Let the shopping season begin! Black Friday is here, and the traditional marker for holiday shopping is off to an unusual start for 2011. The Official Merchant Services Blog is taking today’s blog entry to give you a bit of a roundup on the event.
It Started Early
The first sign that this year’s Black Friday was going to be different than others was that it got started earlier than ever. Crowds lined up for midnight openings at Best Buy, Target, Kohl’s and Macy’s as retailers angled to get first crack at consumers’ tight holiday budgets. Wal-Mart opened even earlier at 10 p.m. and Toys ‘R’ Us started at 9 p.m. The Holiday Shopping season, as reported by The Official Merchant Services Blog previously, has been adversely affected by online shopping and e-commerce. Statistics show that shoppers — using the convenience of clicks over the late-in-the-year discounts of bricks — had been starting their holiday shopping as early as May and as late as August. The kicker being, Black Friday was potentially going to lose some of its draw. So this year retailers pushed and pushed and pushed, edging the event right into Thanksgving Day — well evening — itself.
Consumers Are Out in Force
Right now there are contradictory reports coming in about how successful this move was for retailers. One article from CNN suggests moving Black Friday into Thanksgiving was a success. The article quotes Tom Julian, president of Tom Julian Group, a retail consultancy in New York as saying: “Taking Black Friday into Thanksgiving Thursday has proven successful.”
The article then goes on to say: “Despite some backlash against such early store openings on Thanksgiving Day, the move seemed to pay off. At some Target stores, lines were more than twice as long as last year, according to the company. Men’s Angry Birds pajamas were one of the biggest sellers, along with televisions, game systems and cameras, spokeswoman Kristy Welker said.”
The article pointed out that lines at Sears, KMart, Macy’s and Toys’R’Us were all longer than previous years and business was ready to boom.
The Impact Might Not Be High
Despite the good numbers and fast start for Black Friday this article from CBSNews and its Early Show says that this year’s holiday shopping season could be a “bit of a bust.” The article takes a look at the big-picture of the economy and tries to see how even with a fast start, 2011’s Holiday Shopping Season could end up being a negative. The article stated: “this year, it might take more than one Black Friday to get retailers – and the U.S. economy – out of the red. Quijano added on ‘The Early Show,’ that while analysts project a 2.8 percent increase in Black Friday sales this year, that’s actually smaller than 2010, which saw a 5.2 percent boost.”
The article suggested consumers are wary and though they may be out in force, their shopping habits are more selective than usual: “In a national survey by the National Retail Federation, more than 50 percent of those who plan on shopping said they will wait to see if this weekend’s bargains are worth getting out and fighting for.”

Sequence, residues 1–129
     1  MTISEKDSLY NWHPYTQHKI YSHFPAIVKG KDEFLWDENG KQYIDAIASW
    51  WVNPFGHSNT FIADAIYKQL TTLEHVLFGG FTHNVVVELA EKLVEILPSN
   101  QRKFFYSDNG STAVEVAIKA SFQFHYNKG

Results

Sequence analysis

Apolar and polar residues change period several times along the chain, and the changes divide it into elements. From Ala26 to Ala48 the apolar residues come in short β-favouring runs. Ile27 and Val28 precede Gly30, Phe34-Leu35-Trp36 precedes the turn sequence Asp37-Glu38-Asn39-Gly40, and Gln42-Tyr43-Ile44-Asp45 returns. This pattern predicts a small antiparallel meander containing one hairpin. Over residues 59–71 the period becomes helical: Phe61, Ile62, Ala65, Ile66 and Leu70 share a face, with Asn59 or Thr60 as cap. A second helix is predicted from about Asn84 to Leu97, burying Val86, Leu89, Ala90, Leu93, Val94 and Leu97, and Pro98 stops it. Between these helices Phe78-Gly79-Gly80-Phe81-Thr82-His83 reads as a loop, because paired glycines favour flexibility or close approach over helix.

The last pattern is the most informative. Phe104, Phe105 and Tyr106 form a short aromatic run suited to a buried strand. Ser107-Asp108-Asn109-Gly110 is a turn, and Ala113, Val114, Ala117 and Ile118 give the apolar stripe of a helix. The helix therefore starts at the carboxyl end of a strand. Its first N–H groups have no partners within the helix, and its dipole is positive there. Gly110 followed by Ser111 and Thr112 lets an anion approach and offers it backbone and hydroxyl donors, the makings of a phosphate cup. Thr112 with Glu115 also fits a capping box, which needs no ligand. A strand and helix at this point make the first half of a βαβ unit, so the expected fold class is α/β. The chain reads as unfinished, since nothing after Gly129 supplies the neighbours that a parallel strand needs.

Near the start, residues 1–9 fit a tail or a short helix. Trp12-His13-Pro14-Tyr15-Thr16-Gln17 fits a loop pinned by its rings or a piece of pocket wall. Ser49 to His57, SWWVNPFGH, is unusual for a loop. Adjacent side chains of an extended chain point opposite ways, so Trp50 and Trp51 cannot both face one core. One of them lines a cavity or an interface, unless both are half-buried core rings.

And the article quoted Marshal Cohen, chief retail analyst of NPD group, a marketing research services firm as saying: “There is no stimulus package, there is no jobs program, there is no tax rebate that the president’s put on the table, so it’s really up to the consumer to go toe the line themselves.”
Black Friday: Is It Worth It?
That brings us to this Digital Trends article, which suggests that Cyber Monday — and overall the convenience and growing popularity of e-commerce itself — is going to really cut into retail shopping and Black Friday in a big way this year and in the coming years. The article states: “Not only have brick-and-mortar retailers felt the push of Cyber Monday sales, but some companies like Amazon and eBay are beating in-store retailers to the punch by opening for business Thanksgiving morning. The lure and ease of the Internet has also evolved e-commerce and altered the shopper’s frame of mind, which all might be heralding the end of Black Friday as we once knew it.”
The article puts it simply that the lines and the hassle of sidewalk and mall shopping on one day of the year doesn’t give enough value to consumers when stacked up against the ease of click shopping online. The deals aren’t big enough compared to what shoppers find online. And there just isn’t any fighting that needs to be done to get to the products. No one shoves you out of the way when you slide your mouse or type in a browser menu bar.
Don’t Forget Groupon
Beyond the convenience factor, there’s also the fact that the deals on Black Friday are not as compelling as they used to be. And that’s because sites like Groupon and Living Social have been consistently blitzing consumers all year long with deep discount savings day in and day out. The Holiday Shopping Season is no exception. And so now consumers have a lot more options than just standing in line at BestBuy at midnight fighting over an item. They can shop around on the web and find something that may save them more and avoid the line entirely.
It looks like this year’s Holiday Shopping Season has gotten off to a strong start. Black Friday is nowhere near being “dead.” It’s just that the numbers indicate this may be a really good year for shopping overall. Because of that, despite an increase in sales this year Black Friday’s impact might still be getting watered down. In other words, yeah, the numbers will be up for Black Friday, but that could just be a byproduct of all numbers being up this quarter. Holiday Shopping booms all over. And Black Friday numbers benefit. But many still feel that e-commerce is going to continue to grow faster and faster, eating into brick-and-mortar retail numbers. The Bricks vs. Clicks battle still seems to favor the clicks.
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